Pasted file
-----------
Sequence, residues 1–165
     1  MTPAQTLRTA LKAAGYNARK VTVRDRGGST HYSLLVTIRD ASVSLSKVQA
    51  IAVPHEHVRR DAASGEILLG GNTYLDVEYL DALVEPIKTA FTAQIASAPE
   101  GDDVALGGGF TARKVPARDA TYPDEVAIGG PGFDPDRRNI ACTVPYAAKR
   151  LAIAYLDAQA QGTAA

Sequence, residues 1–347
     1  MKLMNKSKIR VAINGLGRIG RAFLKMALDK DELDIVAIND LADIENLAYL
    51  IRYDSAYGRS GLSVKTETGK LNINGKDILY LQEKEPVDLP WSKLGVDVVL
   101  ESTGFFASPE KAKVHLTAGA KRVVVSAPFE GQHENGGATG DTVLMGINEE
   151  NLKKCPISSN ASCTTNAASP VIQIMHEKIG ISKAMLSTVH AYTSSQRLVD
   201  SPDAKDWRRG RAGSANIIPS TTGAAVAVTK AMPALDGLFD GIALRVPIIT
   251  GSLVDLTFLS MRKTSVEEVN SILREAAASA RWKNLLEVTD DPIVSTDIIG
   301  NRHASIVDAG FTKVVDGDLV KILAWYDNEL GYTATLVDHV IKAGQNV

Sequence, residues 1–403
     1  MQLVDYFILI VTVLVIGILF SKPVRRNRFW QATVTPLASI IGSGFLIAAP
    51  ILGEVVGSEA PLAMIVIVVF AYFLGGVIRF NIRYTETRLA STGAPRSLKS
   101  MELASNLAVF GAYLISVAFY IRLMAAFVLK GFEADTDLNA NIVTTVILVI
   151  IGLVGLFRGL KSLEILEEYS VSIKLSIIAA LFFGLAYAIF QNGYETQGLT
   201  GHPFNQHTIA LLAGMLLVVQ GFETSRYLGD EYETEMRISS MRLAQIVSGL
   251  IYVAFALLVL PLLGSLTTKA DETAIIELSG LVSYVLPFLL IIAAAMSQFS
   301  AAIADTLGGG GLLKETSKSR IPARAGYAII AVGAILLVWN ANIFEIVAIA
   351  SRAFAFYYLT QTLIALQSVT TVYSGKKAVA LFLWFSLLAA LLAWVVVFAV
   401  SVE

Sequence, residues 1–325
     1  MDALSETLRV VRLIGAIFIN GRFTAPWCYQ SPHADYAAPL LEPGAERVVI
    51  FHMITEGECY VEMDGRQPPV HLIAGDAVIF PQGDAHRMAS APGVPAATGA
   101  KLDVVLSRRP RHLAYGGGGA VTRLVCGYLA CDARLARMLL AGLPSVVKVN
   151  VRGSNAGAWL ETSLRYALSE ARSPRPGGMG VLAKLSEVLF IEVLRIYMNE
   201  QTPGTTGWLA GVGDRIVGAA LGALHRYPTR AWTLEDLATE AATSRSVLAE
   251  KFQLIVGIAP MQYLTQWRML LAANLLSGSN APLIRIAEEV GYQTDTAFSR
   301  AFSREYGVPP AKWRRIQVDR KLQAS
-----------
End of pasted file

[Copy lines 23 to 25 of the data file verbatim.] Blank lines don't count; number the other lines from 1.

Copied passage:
   401  SVE

Sequence, residues 1–325
     1  MDALSETLRV VRLIGAIFIN GRFTAPWCYQ SPHADYAAPL LEPGAERVVI